Experiences in Indian Self-Determination:  Nativizing concepts of Journalism To empower Indigenous Communities


  • Richard Wheelock


After a long career, mostly in academia but also in tribal communities and in American mass society, this author’s current endeavor is to reflect holistically upon the lessons today’s older generations of Indigenous people might share with emerging Native scholars from lifetime experiences with “Indian self-determination.” This paper will focus upon the use of journalistic principles intended to meet communications challenges Native people have faced as Indian Self-Determination has developed into a viable policy. The “nativization” of mass society’s journalistic concepts has had great impact, raising hopes that useful understandings of the very human process of effective communications can be found as Native communities continue the struggle to maintain and strengthen tribal sovereignty into the future.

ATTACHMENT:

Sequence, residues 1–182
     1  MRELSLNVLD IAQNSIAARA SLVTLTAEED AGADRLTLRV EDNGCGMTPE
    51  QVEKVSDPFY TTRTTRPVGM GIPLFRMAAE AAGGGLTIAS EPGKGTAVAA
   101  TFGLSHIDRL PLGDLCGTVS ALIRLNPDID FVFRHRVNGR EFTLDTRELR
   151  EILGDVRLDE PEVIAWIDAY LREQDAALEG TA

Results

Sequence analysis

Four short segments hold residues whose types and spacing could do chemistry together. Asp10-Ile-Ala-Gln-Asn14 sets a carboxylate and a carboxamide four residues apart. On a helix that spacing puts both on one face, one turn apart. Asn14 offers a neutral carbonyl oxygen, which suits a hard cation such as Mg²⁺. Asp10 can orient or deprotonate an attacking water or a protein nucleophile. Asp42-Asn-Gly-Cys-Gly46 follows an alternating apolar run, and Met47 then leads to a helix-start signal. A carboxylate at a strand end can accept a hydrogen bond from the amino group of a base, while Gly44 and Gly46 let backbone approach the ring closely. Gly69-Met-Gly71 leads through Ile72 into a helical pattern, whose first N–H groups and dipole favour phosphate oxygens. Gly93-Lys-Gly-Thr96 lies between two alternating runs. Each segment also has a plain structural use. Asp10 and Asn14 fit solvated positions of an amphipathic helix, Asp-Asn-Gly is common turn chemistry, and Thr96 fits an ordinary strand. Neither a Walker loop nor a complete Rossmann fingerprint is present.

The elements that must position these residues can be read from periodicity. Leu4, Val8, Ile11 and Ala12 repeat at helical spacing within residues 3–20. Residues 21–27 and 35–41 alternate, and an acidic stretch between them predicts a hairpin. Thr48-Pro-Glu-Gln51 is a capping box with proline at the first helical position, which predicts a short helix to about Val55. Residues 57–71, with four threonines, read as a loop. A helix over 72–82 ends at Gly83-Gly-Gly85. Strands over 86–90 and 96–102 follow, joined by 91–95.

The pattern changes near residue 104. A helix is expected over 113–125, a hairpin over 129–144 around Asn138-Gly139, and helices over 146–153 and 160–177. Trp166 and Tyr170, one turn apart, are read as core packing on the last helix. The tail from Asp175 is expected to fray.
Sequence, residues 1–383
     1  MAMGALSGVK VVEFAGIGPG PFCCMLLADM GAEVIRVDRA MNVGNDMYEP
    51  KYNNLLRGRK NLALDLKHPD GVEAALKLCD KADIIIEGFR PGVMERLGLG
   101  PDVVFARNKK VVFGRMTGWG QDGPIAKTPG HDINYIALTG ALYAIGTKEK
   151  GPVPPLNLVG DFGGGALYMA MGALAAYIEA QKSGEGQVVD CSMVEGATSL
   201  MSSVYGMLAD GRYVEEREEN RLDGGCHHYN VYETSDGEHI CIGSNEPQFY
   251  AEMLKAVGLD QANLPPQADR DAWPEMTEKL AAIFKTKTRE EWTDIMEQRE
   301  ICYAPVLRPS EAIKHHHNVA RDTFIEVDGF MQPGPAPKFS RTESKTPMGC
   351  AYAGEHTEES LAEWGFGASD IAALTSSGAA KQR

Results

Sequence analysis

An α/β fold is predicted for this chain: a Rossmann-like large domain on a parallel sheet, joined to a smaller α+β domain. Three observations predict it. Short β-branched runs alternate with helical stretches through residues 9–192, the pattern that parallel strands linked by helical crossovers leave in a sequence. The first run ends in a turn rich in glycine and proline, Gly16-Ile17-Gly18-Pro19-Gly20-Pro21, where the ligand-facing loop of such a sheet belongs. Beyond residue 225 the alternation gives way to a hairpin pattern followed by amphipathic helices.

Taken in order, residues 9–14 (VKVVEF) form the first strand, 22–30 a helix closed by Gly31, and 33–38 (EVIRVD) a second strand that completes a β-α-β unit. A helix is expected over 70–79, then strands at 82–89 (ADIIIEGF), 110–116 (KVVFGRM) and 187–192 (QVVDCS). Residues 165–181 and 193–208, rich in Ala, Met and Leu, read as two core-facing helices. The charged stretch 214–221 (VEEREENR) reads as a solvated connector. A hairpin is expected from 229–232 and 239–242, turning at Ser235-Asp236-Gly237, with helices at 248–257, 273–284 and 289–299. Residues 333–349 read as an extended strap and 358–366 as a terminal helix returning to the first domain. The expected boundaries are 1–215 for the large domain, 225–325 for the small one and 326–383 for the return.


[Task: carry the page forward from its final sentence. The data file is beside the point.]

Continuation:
In this paper, I hope to continue to develop my life-long fascination with the challenges of tribal communications created by the so-called Indian Self-Determination policies that began as I came of age in the 1970’s. In doing so, I realize that tribal identity, sovereignty and self-governance did not really begin at that time, but from the perspective of many of my generation of Native people, the federal policy has resulted in both opportunities and confusing challenges for today’s indigenous people, both as individuals and as self-governing and sovereign peoples. In some ways, the daunting challenges Native Nations face today are deeply rooted in human nature and development, in that the basic relationships between the individual and the tribal community remain a key element contributing to the complexity of tribal sovereignty today. It is no great revelation that communications between the many interested parties under the self-determination policy remain strained over many aspects of tribal sovereignty today. Poor communications remain a major part of the continuing struggles tribal peoples face, not only with the surrounding settler society that has dominated and threatened tribal identity and sovereignty in the past, but among members of tribal communities themselves. It is the purpose of this paper to examine some of ways in which Native people and their tribal governments have attempted to deal with the sometimes vast gulf of ignorance and misunderstanding that seem endemic in tribal self-determination. As a member of the Oneida Nation of Wisconsin, I hope my comments will spur some discussion about the overall impacts of Native journalism as I focus upon the communications environment of my own Nation in my analysis.